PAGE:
Latest News from Bosnia and Herzegovina
BELGRADE - No genocide was committed during the war in Croatia, and even Serbia and Croatia are aware of this, Florence Hartmann, a former spokesperson for the Office of the Prosecutor at the International Criminal Tribunal for the Former Yugoslavia, has said, adding that the two countries' mutual genocide lawsuits will be dropped by the International Court of Justice (ICJ).
Women to assume greater role in Balkan militaries
Military officials said they are working to attract, employ and retain women more effectively.
Serbian servicewomen assemble AK-47 assault rifles at the Sombor barracks. Serbia has instituted a 20 percent quota for women at its military academy in Belgrade. [AFP]
Athletes return from Olympics with sense of togetherness
Memories of friendship and solidarity were forged among athletes from the Balkans and Turkey during the 2014 Sochi Games.
The region's Olympians, like alpine skier Igor Laikert of BiH, returned home from Sochi this week with many memories. [AFP]
The Bosnian state court said that the increasing number of war crimes prosecutors being employed to tackle a huge case backlog meant that it could need more courtrooms to try suspects.
PM Ivica Dačić participated in a high-level regional forum organized in London on Monday by the European Bank for Reconstruction and Development (EBRD).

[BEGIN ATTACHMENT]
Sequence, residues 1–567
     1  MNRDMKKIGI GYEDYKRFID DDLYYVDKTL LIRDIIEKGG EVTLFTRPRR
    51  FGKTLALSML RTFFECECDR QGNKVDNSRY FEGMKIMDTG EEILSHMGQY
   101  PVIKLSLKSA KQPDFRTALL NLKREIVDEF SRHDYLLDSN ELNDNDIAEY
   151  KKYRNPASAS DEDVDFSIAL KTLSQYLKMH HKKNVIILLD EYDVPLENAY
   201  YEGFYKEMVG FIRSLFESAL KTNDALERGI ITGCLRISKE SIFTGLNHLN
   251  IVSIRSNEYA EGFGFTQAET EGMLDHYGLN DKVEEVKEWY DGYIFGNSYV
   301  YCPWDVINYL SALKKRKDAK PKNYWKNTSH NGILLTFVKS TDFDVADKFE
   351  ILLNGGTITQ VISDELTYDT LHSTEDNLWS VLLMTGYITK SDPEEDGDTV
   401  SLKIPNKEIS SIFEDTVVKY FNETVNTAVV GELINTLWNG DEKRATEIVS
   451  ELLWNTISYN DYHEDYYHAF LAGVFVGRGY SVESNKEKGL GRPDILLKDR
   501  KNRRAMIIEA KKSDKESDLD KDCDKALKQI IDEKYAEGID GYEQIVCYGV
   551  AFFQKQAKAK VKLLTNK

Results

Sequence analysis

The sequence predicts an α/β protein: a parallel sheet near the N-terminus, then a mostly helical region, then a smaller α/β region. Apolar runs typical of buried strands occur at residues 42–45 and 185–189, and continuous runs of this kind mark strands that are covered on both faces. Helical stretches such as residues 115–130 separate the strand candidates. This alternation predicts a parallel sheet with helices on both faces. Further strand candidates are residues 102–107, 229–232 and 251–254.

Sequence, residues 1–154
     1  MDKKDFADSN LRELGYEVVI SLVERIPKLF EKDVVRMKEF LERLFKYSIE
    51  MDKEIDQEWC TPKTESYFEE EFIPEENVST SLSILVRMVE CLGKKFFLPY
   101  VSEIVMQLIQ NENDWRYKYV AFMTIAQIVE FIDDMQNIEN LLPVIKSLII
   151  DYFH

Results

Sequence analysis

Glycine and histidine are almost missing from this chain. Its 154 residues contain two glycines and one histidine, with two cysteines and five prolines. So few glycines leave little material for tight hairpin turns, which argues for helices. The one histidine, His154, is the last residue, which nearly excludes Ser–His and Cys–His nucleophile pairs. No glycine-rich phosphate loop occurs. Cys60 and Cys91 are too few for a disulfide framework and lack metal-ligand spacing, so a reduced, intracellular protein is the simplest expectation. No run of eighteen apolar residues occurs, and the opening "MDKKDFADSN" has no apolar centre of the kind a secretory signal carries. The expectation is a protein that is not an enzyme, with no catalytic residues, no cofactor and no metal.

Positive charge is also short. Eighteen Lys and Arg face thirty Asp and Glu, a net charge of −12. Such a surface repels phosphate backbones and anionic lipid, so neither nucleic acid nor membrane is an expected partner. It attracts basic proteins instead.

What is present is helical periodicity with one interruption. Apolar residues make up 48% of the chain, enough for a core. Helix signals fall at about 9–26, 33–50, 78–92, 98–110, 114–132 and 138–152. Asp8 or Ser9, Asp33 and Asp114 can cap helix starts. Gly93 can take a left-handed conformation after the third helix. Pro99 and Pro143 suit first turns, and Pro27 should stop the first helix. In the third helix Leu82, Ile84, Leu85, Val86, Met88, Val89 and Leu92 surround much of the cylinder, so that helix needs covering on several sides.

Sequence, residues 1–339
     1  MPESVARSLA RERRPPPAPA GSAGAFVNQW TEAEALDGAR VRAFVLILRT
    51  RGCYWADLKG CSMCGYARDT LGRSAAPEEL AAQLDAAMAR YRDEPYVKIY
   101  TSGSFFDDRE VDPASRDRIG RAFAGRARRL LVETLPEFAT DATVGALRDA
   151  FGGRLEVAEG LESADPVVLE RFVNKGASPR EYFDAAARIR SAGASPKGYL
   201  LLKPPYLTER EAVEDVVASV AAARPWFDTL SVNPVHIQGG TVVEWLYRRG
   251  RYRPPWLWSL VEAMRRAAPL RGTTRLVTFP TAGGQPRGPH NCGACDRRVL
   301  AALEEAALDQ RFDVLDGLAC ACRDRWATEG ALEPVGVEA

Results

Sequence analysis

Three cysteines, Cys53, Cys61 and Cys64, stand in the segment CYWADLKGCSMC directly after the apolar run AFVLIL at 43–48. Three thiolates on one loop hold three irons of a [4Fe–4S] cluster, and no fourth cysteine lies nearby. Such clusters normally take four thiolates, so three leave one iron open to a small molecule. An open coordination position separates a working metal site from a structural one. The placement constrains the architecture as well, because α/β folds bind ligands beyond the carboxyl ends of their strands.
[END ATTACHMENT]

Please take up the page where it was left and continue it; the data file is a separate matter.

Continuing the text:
He presented Serbia's results in the creation of favorable business and investment environment, emphasizing that no project can be implemented without stability of the region.
The German Federal Service on Migration and Refugees said that 9,420 people from Macedonia lodged asylum applications in Germany in 2013, Deutsche Welle reported.
The figure represents a sharp increase from 2012, when almost 6,900 Macedonians sought asylum in Germany, and from 2011, when there were 1,750 applicants from the Balkan state.
In Serbia every 5th individual jobless
In the first month of 2014 even 42,771 jobless people have registered them with the National Employment Service. That is almost 2,000 people more than in December last year.
Human Rights Watch on February 21 said the authorities in Bosnia should investigate the excessive use of force by police during the protests in the country, as well as attacks on journalists.